IRA strategy emerges from shadows
Belfast — THANKS to its tight cell organization, the outlawed Irish Republican Army has been cloaked in shadows for over a decade. But its current strategy appears to have broken into broad daylight. The IRA's escalating campaign of violence is taken as confirmation by government and security forces that the group intends to provoke a major reaction from the Northern Irish community.
Its goal is manifold, say informed sources: The IRA wants to prove it is still in business despite nearly 20 years of British counter-terrorist measures. It hopes to put violence at the top of the political agenda during the upcoming review of the Anglo-Irish accord (scheduled for November). It also seems to be goading London into reviving the policy of internment.
IRA violence took a vicious turn in mid-September with a bomb attack on Northern Ireland's most senior civil servant and his family.
Sir Kenneth Bloomfield is the head of the Northern Ireland Civil Service. He, his wife and teenage son were fortunate to escape when two massive bombs wrecked their home in a quiet suburb near Belfast early Sept. 12. Two other bombs failed to go off. If they had done so, the security forces believe that the Bloomfields would have been killed or badly injured.
Only three days before the attack on Sir Kenneth, the Royal Ulster Constabulary warned that the IRA was planning a ``horrific'' end to 1988. Several factors have led to this dramatic upsurge in IRA violence. Most important, IRA guerrillas are thought to have obtained large quantities of deadly explosives supplied by Libya.
The IRA is having some success with its twin propaganda goals: It has proved it is still in business, despite setbacks earlier this year. And its rash of violence is putting considerable pressure on Britain to reintroduce ``selective internment.''
Internment was last used in 1975. It is a process by which terrorist suspects were imprisoned indefinitely and without trial. The security forces and some Northern Irish Protestant politicians believe circumstances justify the policy's revival. But internment is generally recognized today to have been counterproductive. So far, the government has not been keen to use it and thus hand the IRA a propaganda victory.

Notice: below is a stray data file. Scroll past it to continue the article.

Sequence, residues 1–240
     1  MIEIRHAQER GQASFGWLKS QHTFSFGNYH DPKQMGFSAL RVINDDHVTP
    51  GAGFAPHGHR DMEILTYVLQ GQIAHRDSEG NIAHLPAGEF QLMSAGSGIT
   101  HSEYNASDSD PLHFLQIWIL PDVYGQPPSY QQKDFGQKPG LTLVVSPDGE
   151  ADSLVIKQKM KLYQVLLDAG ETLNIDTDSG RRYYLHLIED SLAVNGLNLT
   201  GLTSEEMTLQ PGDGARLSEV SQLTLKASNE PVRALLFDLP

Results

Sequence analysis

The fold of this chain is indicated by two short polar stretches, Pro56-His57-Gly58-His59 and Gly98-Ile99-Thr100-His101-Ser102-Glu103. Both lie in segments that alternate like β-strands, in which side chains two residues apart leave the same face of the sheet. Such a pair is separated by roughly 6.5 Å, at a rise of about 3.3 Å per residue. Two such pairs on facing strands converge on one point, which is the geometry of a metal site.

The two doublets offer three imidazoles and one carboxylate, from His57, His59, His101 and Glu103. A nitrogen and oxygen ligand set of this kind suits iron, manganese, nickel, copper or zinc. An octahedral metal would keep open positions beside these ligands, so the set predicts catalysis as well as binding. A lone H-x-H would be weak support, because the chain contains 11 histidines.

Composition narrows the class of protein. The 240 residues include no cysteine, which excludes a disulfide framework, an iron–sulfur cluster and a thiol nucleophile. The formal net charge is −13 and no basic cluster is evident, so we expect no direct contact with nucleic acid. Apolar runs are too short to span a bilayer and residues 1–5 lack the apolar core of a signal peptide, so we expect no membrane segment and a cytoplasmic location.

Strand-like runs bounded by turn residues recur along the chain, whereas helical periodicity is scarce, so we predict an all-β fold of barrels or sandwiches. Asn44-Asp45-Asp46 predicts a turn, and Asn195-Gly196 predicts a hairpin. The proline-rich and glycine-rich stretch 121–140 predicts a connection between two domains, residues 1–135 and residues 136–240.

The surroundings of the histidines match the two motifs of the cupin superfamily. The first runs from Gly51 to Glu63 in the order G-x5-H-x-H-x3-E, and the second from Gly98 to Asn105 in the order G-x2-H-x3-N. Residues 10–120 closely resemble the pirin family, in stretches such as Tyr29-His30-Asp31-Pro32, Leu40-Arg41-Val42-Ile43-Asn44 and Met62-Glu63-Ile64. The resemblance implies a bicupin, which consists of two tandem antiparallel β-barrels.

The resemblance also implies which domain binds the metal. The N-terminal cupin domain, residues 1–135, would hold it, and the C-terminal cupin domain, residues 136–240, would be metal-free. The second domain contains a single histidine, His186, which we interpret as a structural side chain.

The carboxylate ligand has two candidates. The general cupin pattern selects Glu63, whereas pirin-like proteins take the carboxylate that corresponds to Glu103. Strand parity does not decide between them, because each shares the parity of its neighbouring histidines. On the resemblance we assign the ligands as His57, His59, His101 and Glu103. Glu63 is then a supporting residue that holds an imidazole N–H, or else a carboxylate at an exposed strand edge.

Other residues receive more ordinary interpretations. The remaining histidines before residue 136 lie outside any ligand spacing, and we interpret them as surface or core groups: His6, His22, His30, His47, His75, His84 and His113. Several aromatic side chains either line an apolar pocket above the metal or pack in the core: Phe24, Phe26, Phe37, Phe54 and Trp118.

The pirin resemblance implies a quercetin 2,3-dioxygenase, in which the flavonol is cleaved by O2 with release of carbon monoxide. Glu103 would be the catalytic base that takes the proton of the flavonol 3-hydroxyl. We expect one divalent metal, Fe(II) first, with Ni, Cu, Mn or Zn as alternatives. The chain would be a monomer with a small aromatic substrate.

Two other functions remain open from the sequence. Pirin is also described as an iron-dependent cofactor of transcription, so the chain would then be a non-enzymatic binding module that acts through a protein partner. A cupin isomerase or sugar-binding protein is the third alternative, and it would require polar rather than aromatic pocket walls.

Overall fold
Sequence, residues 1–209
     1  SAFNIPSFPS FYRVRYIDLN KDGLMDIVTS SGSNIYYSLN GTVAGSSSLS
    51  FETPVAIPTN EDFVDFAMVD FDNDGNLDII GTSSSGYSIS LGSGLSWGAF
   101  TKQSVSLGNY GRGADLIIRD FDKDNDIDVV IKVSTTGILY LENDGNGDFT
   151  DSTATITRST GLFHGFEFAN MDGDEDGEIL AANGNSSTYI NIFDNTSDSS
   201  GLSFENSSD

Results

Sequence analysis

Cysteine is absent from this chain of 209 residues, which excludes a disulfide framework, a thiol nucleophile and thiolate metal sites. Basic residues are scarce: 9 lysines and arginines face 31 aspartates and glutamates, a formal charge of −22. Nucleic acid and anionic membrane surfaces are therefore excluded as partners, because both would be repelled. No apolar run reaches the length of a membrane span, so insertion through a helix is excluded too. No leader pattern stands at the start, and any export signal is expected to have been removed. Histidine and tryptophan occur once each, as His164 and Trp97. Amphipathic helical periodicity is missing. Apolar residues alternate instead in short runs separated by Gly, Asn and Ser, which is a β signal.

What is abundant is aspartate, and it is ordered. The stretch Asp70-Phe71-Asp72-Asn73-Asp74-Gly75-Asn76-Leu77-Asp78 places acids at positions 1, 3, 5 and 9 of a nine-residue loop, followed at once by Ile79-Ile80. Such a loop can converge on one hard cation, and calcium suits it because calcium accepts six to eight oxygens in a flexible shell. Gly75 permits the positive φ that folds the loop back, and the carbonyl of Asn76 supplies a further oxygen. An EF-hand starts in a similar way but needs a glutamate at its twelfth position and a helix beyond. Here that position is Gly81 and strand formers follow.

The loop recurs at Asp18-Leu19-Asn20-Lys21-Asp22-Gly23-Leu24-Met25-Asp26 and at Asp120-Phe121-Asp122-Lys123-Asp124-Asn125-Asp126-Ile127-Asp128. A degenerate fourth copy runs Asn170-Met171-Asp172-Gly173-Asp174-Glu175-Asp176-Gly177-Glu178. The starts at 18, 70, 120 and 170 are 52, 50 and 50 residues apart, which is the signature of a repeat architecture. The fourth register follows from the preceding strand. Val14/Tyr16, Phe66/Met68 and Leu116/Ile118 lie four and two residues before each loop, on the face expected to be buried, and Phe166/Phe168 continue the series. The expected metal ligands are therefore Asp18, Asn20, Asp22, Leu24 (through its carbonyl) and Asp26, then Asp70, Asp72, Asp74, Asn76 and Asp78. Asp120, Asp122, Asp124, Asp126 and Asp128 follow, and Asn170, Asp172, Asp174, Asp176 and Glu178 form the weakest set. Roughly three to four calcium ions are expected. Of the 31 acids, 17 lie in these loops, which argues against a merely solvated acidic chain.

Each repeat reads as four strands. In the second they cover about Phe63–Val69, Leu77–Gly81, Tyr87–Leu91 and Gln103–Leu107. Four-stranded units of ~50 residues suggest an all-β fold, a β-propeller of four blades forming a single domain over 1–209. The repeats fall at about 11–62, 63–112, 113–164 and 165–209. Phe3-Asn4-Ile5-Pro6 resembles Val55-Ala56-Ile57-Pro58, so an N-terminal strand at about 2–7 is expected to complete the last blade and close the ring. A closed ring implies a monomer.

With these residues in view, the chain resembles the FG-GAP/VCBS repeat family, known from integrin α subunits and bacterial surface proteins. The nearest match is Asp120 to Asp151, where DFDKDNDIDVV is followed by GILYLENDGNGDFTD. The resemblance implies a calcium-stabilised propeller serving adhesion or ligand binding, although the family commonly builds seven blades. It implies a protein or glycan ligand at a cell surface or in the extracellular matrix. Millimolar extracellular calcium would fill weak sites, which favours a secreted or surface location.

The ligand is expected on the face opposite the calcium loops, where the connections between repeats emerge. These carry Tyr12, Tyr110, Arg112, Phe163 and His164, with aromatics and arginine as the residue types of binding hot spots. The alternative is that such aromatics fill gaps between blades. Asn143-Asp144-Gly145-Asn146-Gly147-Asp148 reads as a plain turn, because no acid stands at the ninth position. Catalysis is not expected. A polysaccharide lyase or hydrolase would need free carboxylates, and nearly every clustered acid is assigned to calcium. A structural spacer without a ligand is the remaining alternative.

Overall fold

The increased IRA violence has also caused a breakdown in talks between the mainly Catholic Social Democratic and Labour Party (SDLP) and Sinn Fein, the IRA's political wing. This was an attempt by SDLP leader John Hume to persuade Sinn Fein President Gerry Adams and his senior colleagues that violence is counter-productive.
Mr. Hume argues that violence only hinders efforts to bring about a solution based on a united Ireland. Hume released the text of a letter to Mr. Adams in which he asked if it was not time for the IRA and its supporters to reconsider the methods they have chosen to achieve their goals. Hume asked if they were ``in danger of moving to a situation ... where the methods have become more sacred than the cause?''
Sinn Fein, in turn, suggested that the SDLP was confused about how the Irish should exercise self-determination.
Behind the war of words, it is clear that IRA hardliners have won the argument about the use of violence - for now at least.
Meanwhile, Britain's Secretary of State for Northern Ireland Tom King is still trying bravely to build a bridge between the province's Protestant and Catholic politicians. With similar pluck, Sir Kenneth has said that the attempt on his life will not deter him from doing his duty. His sentiments are echoed by scores of Belfast people who have had to clean up the rubble left by bombs and keep up the signs ``business as usual.''